Do Democrats Have A Pelosi Problem?
Recent reports have indicated that doubts are growing about the wisdom of keeping California Democrat Nancy Pelosi at the top of House Leadership.
An NBC News survey of Democratic candidates for the House finds that there are a sizable number of Democrats who say they would oppose California Congresswoman, and current House Minority Leader, Nancy Pelosi in a vote for Speaker of the House:
WASHINGTON — As Democrats battle to retake control of Congress in November, their leader — Nancy Pelosi — could also be facing a coming fight of her own.
Fifty Democrats running for the House say they won’t support the California lawmaker for speaker, according to an NBC News survey of candidates and their public statements.
At least 41 of the party’s nominees for House seats have declared they will not back Pelosi and nine incumbent Democratic lawmakers are on the record opposing her.
The most recent voice to the chorus came Thursday, when Michigan Democrat Rashida Tlaib, who is on track to become the first Muslim woman in Congress, said she would “probably not” support Pelosi because “she doesn’t speak about the issues that are important to the families of the 13th congressional district, and they are a priority for me.”
An additional 34 Democratic nominees are neither for nor against Pelosi, who has led her party in Congress since 2003.
The significant opposition is a sign of the movement for a generational change in Democratic leadership on the Hill — some believe that Pelosi should step aside so younger members of the party can move up in its ranks. The majority are Democrats running in Republican voting areas, where the minority leader is despised by the GOP. And some of it stems from the ascendant progressive movement, which wants to promote different policies and take a more aggressive approach in Congress to the Republicans and to President Donald Trump.
The anti-Pelosi contingent runs from competitive districts won by Hillary Clinton in 2016 to areas overwhelmingly carried by Trump. And among recruits in the Democratic Congressional Campaign Committee’s “Red-to-Blue” program for targeted districts, 21 candidates say they will not vote for Pelosi as leader, 20 are neither against nor for and four support her. NBC could not find positions for the other 11 candidates and their campaigns did not respond to repeated requests for comment.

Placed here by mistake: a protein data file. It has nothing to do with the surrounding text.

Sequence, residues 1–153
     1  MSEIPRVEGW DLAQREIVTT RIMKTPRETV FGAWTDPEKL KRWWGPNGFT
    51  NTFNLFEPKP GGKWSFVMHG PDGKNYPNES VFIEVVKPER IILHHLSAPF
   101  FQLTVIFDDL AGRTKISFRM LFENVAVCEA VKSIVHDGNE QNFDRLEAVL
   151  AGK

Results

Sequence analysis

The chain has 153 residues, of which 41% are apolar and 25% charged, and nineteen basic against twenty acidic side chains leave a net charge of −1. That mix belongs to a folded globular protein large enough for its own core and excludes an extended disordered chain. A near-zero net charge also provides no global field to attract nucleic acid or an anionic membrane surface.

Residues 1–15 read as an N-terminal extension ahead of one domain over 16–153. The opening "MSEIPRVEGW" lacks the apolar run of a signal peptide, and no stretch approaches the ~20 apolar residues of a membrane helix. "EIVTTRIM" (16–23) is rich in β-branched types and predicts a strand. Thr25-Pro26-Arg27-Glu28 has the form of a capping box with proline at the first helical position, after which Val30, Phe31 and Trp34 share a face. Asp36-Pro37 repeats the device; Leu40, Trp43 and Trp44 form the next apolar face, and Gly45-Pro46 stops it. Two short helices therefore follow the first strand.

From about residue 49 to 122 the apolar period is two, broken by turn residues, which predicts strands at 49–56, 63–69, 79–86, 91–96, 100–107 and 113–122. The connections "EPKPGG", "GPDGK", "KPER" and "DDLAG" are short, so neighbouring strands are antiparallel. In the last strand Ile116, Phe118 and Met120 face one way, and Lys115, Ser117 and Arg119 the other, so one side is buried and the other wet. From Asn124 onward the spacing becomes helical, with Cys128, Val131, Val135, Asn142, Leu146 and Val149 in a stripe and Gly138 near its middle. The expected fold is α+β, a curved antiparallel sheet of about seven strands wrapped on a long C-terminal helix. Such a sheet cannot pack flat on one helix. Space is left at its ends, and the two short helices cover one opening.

For her part, Pelosi has not asked anyone to back her for House speaker should Democrats win the House in November, her office said.
“Leader Pelosi has always enjoyed the overwhelming support of House Democrats and that will continue into the majority she’s so focused on winning,” her deputy chief of staff, Drew Hammill, said Thursday when asked about the NBC News survey.
On a similar note, The Washington Post notes that Pelosi has increasingly become the focus of Republican candidates for the House:
While Democrats grow optimistic about their chances of taking control of the House in November, they are increasingly anxious that the presence of their longtime and polarizing leader, Nancy Pelosi, is making it harder for many of their candidates to compete in crucial swing districts.
Republicans, clinging to a 23-seat majority in the House, have made the House minority leader a central element of their attack ads and are portraying many of their opponents as inextricably tied to the liberal from San Francisco. At the same time, some Democrats are expressing alarm that she is standing in the way of the next generation of leaders.
The tension was apparent Thursday, when Rashida Tlaib became at least the 27th Democratic House candidate to decline to say whether she would support Pelosi. Some Democrats fear that anti-Pelosi attacks aimed at the Democratic candidate in this week’s special election in an Ohio congressional district helped push the Republican to a narrow lead.
The dynamic creates a conundrum for Democrats, many of whom rely on Pelosi’s fundraising prowess and admire her political savvy and status as one of the country’s most influential female leaders. But some also are beginning to speak out about how allowing Pelosi to remain in charge of the caucus could reduce the size of a Democratic wave in November or worse, imperil their ability to win the majority.
This isn’t the first time that Pelosi has faced a potential rebellion from within her own ranks and her own party. In the wake of the 2016 elections in which Democrats fell far short of winning back control of the House even though they did manage to make some small gains, Pelosi and the rest of the Democratic House leadership were forced to deal with a challenge from younger members of the caucus. In the end, Pelosi and the rest of her leadership team ended up winning re-election rather easily, but in some sense, this was a preview of what Pelosi might face in November regardless of what happens in the battle for control of Congress. Whether it will be successful, however, is another question entirely.